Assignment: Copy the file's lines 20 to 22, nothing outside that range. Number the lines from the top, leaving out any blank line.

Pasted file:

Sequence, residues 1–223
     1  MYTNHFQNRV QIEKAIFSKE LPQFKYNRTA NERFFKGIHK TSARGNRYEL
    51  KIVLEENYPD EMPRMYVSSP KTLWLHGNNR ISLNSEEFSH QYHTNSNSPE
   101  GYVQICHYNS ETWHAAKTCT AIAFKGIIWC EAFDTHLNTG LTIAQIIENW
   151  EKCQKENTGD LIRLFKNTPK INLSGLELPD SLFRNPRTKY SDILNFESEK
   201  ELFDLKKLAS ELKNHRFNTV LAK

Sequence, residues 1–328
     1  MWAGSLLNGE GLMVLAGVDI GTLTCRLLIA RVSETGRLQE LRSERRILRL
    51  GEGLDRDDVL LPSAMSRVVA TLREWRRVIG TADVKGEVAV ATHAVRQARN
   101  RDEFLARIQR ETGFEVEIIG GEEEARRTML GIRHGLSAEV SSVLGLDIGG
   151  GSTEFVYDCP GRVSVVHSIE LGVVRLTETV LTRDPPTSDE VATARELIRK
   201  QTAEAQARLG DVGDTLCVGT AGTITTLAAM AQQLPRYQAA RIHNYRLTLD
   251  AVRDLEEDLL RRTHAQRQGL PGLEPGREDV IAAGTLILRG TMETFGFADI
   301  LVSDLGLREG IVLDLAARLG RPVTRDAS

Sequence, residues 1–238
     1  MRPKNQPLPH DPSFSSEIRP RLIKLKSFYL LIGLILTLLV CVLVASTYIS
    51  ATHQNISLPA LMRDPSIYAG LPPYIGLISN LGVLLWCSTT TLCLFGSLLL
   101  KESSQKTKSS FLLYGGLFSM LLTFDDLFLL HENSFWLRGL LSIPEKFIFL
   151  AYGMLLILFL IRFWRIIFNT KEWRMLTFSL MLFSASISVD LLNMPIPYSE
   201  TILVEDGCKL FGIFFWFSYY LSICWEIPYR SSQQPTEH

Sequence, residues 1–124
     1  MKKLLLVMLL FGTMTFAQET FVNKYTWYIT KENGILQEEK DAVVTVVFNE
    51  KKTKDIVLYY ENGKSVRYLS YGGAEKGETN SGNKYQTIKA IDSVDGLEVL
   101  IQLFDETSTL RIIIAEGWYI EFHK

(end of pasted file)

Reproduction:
   201  TILVEDGCKL FGIFFWFSYY LSICWEIPYR SSQQPTEH

Sequence, residues 1–124
     1  MKKLLLVMLL FGTMTFAQET FVNKYTWYIT KENGILQEEK DAVVTVVFNE